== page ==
People with a personal family history of thyroid cancer or people who have had multiple endocrine neoplasia syndrome type 2 may be at risk and should not use this medication. Contact your doctor as soon as possible if you have difficulty breathing, hoarseness or develop a mass on your neck. It is not known semaglutide will cause thyroid tumors such as medullary thyroid carcinoma (MTC) in patients.


You should not use Ozempic if you are pregnant. Contact your doctor if you become pregnant while taking this medication.

Breast Feeding

Ozempic® will harm your unborn baby or passes into your breast milk. Stop using Ozempic® two months before you plan on becoming pregnant.


The effectiveness and safety of Ozempic has not been established for children.


Ozempic is not an insulin but a different type of diabetes medication called GLP-1. Similar to most insulin, it needs to be injected under the skin and for better absorption. It is a small protein like insulin (called a peptide).

Yes and no. Currently Ozempic is available as a weekly injection however semaglutide does have an oral medication. However, despite both being the same drug, the absorption is a lot different. If you are looking an oral form, refer to Rybelsus (an oral semaglutide).

Ozempic is available as a prefilled pen similar to the NovoNordisk FlexTouch Pen.

It is administered once a week under the skin (subcutaneously). It is helpful to schedule your injections once per week using a reoccurring alarm on your phone to keep consistent.

The preferred injection site on the body is the abdomen. Ozempic can also be injected into the upper arm, thigh or abdomen. Choose a different injection site each week to avoid skin complications such as developing pits, thickened skin or lumps.

Key points for injection:

  • Do not inject into the same spot each week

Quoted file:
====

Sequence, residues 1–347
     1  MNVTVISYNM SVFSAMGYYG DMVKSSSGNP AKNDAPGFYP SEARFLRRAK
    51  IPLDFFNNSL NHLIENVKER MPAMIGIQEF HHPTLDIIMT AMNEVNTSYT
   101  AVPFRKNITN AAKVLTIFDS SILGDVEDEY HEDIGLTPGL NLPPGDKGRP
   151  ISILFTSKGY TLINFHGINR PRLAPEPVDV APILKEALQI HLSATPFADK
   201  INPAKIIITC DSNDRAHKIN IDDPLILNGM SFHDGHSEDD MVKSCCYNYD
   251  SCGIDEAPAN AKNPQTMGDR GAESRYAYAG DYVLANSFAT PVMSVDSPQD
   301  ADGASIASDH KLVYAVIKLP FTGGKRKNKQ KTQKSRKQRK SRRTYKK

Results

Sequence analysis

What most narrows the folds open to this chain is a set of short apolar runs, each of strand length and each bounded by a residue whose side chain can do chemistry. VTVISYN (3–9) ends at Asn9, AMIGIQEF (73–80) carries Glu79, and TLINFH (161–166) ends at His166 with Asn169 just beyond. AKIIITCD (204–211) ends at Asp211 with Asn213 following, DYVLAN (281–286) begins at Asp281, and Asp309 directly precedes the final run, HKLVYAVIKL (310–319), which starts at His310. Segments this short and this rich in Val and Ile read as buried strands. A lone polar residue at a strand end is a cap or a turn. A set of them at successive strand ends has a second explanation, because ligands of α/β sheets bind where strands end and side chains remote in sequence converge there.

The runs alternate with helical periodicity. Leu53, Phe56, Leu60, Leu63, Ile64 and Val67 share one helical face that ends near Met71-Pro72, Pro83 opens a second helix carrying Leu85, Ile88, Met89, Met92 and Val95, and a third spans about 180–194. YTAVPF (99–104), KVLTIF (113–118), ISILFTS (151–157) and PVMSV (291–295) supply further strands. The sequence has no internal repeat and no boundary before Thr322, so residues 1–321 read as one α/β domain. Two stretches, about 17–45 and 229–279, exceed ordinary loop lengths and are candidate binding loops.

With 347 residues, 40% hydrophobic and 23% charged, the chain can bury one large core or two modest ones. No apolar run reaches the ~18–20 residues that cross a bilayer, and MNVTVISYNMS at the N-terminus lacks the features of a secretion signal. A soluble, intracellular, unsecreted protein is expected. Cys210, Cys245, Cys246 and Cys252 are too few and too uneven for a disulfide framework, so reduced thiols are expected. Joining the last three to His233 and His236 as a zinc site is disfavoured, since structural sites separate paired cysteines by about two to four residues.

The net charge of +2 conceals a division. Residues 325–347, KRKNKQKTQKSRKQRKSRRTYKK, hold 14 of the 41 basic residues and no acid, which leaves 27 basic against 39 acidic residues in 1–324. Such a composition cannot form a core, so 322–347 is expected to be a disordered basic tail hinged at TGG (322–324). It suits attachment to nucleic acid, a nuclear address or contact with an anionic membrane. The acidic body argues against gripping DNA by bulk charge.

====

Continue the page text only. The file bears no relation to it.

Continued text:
• Do not inject where skin has pits, lumps or is thickened
  • Do not inject where skin appears tender, hard, scaly, bruised or damaged

Ozempic is administered weekly and ideally at the same time every week.

If you miss your dose of Ozempic, it is recommended to take it as soon as possible or within 3 days of missing your dose. Return to your regular dosing schedule after a late injection. If there are 3 days until you next dose then skip it and wait until your scheduled injection.

Ozempic is for patients with type 2 diabetes to improve glycemic control. It should be used in combination with a healthy diet and regular exercise. It is not approved for patients with type 1 diabetes.

Ozempic is not recommended for pregnant women. Other medications would be prescribed for diabetes other than Ozempic in pregnant women.

If a person takes Ozempic for a few months and stops, it will take about 5 week to be completely clear from the body.

Ozempic can be taken with or without food.

Eating healthy and exercising can make a sizeable impact to a person with type 2 diabetes. Consult your doctor on dietary choices and how to reduce carb content.

If you have excess Ozempic injectable pens, they should be refrigerated. The ideal place to store your pens are on the top shelf (or butter compartment) of the fridge away from cooling elements. If Ozempic freezes it can degrade and lose its effectiveness.

If you are storing Ozempic in the refrigerator for a long time, it should be stored between 2-8? (36-47?). Once in use it can be kept at room temperature 15-30? (59-86?.) for up to 56 days.

Typically, it takes up to 5 weeks to start seeing the effects as Ozempic lowers blood glucose levels. You should experience the maximum effect within 3-6 months.